Friday Movie Roundup: Horror: Hollywood's Breadwinner

I just finished reading Shock Value, Jason Zinoman's entertaining look at “how a few eccentric outsiders gave us nightmares, conquered Hollywood and invented modern horror.”

The book celebrates a genre and group of filmmakers often ghettoized when compared to the better-known New Hollywood revolution of the 1970s, a rightly celebrated period and movement — roughly between Arthur Penn's Bonnie and Clyde (1967) and Martin Scorsese's Raging Bull (1980) — that was investigated in Peter Biskind's equally entertaining Easy Riders, Raging Bulls.—-

Specifically, Shock Value pinpoints New Horror as running between Roman Polanski's Rosemary's Baby (1968) and Ridley Scott's Alien (1979), stopping along the way to discuss such landmark horror films as George Romero's Night of the Living Dead, Wes Craven's The Last House on the Left, William Friedkin's The Exorcist, Tobe Hooper's The Texas Chain Saw Massacre, John Carpenter's Halloween and Brian De Palma's Carrie, among others.

Zinoman, a critic and reporter who currently covers theater for The New York Times, investigates the often arduous process of making the aforementioned movies and deftly critiques what has made them such enduring examples of the genre. He also offers incisive commentary on the psychological reasons horror movies continue to fascinate us — improbably, the genre is now the most profitable in Hollywood. (For the record, the first horror film that scared the shit out of me was The Beast Within, a B-level piece of schlock that opens with a scene of a woman being raped by a beast; I caught it one late night on HBO as an impressionable 11-year-old.)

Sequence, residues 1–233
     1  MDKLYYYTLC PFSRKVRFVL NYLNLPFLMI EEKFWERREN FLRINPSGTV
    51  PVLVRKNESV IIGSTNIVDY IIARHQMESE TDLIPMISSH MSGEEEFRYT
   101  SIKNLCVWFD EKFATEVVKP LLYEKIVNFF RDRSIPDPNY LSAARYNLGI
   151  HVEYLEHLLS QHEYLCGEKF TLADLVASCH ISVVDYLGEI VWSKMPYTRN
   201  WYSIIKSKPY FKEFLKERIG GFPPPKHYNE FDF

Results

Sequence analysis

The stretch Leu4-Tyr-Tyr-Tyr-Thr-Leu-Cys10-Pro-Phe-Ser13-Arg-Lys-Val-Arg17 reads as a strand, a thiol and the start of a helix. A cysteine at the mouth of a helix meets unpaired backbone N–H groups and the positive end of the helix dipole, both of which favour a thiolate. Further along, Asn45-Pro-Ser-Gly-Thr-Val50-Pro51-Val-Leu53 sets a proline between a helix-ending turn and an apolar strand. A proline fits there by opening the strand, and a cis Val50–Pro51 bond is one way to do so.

On cue, Guillermo del Toro, a dedicated New Horror disciple, this week looks back to one of the genre's lesser-known chillers, the 1973 television movie Don't Be Afraid of the Dark — the visionary filmmaker behind such movies as The Devil's Backbone and Pan's Labyrinth produces and co-writes an updated version that is likely to be much more effective than the mostly lame horror reboots that have invaded multiplexes in recent years.

Opening films:

COLOMBIANA — Zoe Saldana headlines this action-adventure about a “stone-cold Colombian assassin” who witnessed the murder of her parents when she was a child. Olivier Megaton directs a script co-written by the genre's long-running benefactor, Luc Besson. Also stars Michael Vartan and Cliff Curtis. (Read full review here.) (Opens wide today.) —tts (Rated R.) Grade: D-plus

THE DEVIL'S DOUBLE — The devil in this story is Uday Hussein, the notoriously decadent and monstrous elder son of Iraqi strongman Saddam Hussein. The story’s double is Latif Yahia, a valorous Iraqi soldier whose recently published memoir about his experiences serving as Uday’s body double provides the source material for this film. Dominic Cooper plays both roles. His performance would have been a tour de force had there only been authentic characters here to play. (Read full review here.) (Opens today at Esquire Theatre.) — Marjorie Baumgarten (Rated R.) Grade: C

DON'T BE AFRAID OF THE DARK — Producer/co-writer Guillermo del Toro performs the neat trick of adapting the original 1973 television horror shocker Don't Be Afraid of the Dark into a tastefully suspenseful work of kid-friendly art, directed by newcomer Troy Nixey. (Read full review here.) (Opens wide today.) — Cole Smithey (Rated R.) Grade: B-

THE GUARD — With a pinch of Trainspotting irreverence and a dose of Pulp Fiction social satire, debut director John Michael McDonagh cobbles together this lilting black comedy set in the Gaelic region of County Galway. (Read full review here.) (Opens today at Esquire Theatre.) — CS (Rated R.) Grade: B

OUR IDIOT BROTHER — If Our Idiot Brother winds up endearing rather than aggravating, it’s almost exclusively thanks to Paul Rudd’s Ned and the particular kinds of lessons he has to offer. (Read full-length review here.) — Scott Renshaw (Rated R.) Grade: B-

REJOICE AND SHOUT — Veteran documentary filmmaker Don McGlynn looks at the 200-year-old history of Gospel music — from its origins in African-American Christian churches to its impact on popular music of today. Features a raft of archival footage and numerous interviews with those in the know. (Opens today at Mariemont Theatre.) — JG (Rated PG.) Review coming soon.

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